The mystery of The First isn’t simply what awaits humanity beyond our species’ cradle — “Separation”, the first episode reveals that there is plenty to be explored right here on Earth.
For a nation that hasn’t set foot on an interstellar body other than the moon in almost 50 years, Americans sure are obsessed with reaching Mars. The First is the first television show to do what movies like The Martian, The Space Between Us, and The Last Days on Mars have done: exploring the possibility of what early missions to and from the red planet would look like. The First, at first, does not do this. Instead, the show’s maiden episode depicts a disaster, and the consequences for those involved. The First questions the responsibility of its characters to the people around them — their own families, the families of others, and the human race at large, through the eyes of two central characters, Captain Tom Hagerty and Laz Ingram.
Captain Tom Hagerty (Sean Penn) awakens to plumbing problems in his familiar though still slightly futuristic home — instead of using the remote to turn on the television, he says “television screen, on”. Subtle behavioral cues like this let the audience know we are in the not-so-distant future. Smart, integrated televisions that respond to voice commands do exist today, though many in Hagerty’s generation eschew finicky voice commands in favor of their trusty remote control. Seeing a middle-aged man interact with technology like this casually is an easy way to indicate a futuristic time period without broadcasting it with a date on a title card. Less subtle expository tools include the news broadcast Tom turns on, explaining the details of an upcoming Mars mission, the crew of which will spend a year and a half on Mars doing research before returning home.
Epic, anthemic music underscores the crew boarding their vessel, and NASA officials taking their seats to watch the launch. These astronauts are leaving behind their families, seen waving hopefully from the viewing platform miles away, to fulfill a responsibility to humanity — to explore space. Tom calls in, requesting time with the crew that he isn’t going with. He’s near tears talking with his colleagues, who ask him for words of advice. They have a rapport that indicates they’re close, all the crew members looking emotional after their thirty second chat. It’s clear that Tom wishes he were with them, as he intently watches the commencement of the launch. Tom feels a responsibility to this crew, a group that he is demonstrably an important part of. The tension is palpable inside and outside the shuttle. The countdown begins, and the shuttle takes off with a fiery thrust into the sky.
Disaster strikes. Mere moments into the sky, two unplanned explosions destroy the ship, Prospect One, into a puff of black smoke. There’s panic in the crowd and Tom races to the base to shut down a planned celebration the balloons and champagne now deeply inappropriate for the somber occasion. Five astronauts have died due to shuttle failure. Laz Ingram (Natascha McElhone) gives a brief, somewhat conciliatory speech to the staff before she begins the work of diagnosing what went wrong. Her engineers are baffled as to what caused the deadly explosion. Meanwhile in the hall that should have held a celebration, grieving families meander between tearful embraces, under the huge smiling portraits of the recently deceased team of would be space travelers. Laz is conspicuously absent.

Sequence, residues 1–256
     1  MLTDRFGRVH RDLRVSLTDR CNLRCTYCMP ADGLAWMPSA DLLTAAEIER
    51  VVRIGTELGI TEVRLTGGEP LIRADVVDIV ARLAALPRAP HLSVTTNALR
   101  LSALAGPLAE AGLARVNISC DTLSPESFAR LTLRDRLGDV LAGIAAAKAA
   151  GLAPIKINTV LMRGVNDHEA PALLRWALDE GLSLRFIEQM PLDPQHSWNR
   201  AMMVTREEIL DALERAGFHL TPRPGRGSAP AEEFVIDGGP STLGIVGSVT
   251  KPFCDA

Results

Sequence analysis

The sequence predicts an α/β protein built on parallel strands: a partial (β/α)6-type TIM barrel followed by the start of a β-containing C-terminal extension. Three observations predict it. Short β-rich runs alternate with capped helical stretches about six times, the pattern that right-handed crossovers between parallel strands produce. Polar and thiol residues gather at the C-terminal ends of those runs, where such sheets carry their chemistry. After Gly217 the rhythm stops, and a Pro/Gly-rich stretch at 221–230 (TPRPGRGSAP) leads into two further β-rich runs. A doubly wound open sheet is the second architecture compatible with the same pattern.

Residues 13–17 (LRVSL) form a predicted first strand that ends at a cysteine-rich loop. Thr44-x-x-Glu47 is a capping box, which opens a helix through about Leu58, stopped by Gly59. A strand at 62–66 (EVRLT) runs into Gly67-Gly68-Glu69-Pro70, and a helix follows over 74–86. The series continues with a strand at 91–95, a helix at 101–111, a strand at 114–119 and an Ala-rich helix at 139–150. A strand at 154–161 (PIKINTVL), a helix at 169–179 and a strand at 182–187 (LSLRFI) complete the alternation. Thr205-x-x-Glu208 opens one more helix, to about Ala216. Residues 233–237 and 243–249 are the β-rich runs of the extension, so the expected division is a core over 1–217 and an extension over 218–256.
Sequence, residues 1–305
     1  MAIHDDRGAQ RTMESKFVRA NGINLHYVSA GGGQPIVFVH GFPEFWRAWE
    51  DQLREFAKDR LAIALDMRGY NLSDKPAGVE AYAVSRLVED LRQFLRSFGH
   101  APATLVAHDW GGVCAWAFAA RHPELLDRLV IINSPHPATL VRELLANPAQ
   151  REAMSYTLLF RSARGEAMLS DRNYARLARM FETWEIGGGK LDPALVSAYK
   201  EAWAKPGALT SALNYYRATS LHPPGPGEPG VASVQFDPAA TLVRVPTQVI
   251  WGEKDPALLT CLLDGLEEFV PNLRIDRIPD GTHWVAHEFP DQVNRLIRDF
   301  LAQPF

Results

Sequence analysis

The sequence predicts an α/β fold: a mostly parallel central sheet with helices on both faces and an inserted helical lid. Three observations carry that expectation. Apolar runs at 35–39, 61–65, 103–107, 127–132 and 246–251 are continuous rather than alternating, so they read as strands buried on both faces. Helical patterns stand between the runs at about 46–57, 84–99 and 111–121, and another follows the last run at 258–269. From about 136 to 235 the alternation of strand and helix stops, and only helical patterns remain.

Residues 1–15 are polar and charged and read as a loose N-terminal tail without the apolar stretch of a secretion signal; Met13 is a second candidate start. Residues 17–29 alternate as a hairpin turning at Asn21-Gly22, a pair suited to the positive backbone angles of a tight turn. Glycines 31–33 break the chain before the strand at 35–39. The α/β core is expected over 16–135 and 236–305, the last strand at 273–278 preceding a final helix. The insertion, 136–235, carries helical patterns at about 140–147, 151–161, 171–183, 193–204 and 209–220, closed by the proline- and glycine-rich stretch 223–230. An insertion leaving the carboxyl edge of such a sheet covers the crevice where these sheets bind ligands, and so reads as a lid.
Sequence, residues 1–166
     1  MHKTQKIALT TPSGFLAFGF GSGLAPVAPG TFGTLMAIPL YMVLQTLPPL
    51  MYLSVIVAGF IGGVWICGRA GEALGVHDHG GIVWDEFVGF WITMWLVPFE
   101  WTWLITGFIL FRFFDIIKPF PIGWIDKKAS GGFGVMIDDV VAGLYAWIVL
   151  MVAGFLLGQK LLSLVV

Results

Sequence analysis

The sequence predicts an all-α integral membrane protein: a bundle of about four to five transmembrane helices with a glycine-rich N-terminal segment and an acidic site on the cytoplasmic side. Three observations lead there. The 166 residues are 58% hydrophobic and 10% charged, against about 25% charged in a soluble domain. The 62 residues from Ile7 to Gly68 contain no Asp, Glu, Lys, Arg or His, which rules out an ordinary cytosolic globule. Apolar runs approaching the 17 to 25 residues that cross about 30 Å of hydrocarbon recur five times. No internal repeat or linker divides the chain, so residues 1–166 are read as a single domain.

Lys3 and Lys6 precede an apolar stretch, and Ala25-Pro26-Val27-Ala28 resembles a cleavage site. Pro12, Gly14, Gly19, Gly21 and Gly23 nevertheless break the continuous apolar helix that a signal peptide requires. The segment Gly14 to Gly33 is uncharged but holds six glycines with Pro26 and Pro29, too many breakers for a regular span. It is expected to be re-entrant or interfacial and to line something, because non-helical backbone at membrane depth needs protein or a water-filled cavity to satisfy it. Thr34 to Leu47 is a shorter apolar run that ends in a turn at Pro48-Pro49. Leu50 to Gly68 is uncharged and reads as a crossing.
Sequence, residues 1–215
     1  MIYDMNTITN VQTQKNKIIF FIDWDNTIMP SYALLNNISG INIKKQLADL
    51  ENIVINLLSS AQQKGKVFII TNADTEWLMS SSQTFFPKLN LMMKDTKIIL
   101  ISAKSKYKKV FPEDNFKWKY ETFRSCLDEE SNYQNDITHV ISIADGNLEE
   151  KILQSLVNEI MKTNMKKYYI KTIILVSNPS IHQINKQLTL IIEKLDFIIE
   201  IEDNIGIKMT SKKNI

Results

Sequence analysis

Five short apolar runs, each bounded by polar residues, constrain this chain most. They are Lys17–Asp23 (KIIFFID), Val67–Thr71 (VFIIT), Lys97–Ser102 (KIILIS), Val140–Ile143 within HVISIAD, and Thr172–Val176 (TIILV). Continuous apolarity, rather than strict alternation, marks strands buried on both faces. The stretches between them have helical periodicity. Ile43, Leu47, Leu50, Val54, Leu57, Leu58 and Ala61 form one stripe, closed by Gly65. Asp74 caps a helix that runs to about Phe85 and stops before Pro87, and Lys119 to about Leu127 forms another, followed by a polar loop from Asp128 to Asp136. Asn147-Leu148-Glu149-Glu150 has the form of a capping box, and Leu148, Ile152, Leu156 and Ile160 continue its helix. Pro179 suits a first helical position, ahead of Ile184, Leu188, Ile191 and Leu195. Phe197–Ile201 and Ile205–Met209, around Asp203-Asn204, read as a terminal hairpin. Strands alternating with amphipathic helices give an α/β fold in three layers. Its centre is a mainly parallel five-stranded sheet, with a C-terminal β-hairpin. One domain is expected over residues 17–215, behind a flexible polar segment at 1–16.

So Hagerty goes to find her, and ask her to speak to the families, begging her to show some emotion, some empathy. She refuses, and he calls her a coward. What’s frustrating about this interaction is that Laz clearly does feel the weight of what has happened today. While not openly weeping, many quiet moments and stuttering attempts to console those around her reveal the depths of her guilt. One of the parents of a lost scientist even accuses her of conspiracy, demanding “how much did you make?” of her, and “what did you lose?” As Laz returns to an elegant, expensive looking home, workers begin to piece together the wreckage to try and assess what went so disastrously wrong. Laz, overcome by the weight of disappointing not only the grieving members of five families, but the expectations of a world watching the launch, commands her self-driving car to hit her, but it’s safety mechanisms stop it before it reaches her.
Hagerty’s daughter arrives, high and disheveled, her nail beds destroyed from a habit of picking. She throws up in the sink, and he puts her to bed. He shaves off his facial hair and stares up at the night sky. The next morning, Laz arrives to continue the investigation, and Hagerty starts the day with a run with his dog. Light flares, epic music, and poetic musings on the closeness of the final frontier leave the first episode on a hopeful note. Perhaps without a crew to look after, now Tom will have the time to devote to his biological family. He’s switching out parenting a crew preparing for an interstellar journey for a daughter battling her own inner journey with addiction.
Is The First a show about space travel, grief, conspiracy? While some of its themes are clear — the unquenchable desire and responsibility to explore space and the vast possibility of what waits beyond our home juxtaposed with the responsibilities of our home — where the show will go next is murky. One could see the series easily centralizing around the investigation of what went wrong with the launch, or on the preparations for another.
“Separation” was created and written by Beau Willimon and directed by Agnieszka Holland.
Photos and video credit courtesy of Hulu.
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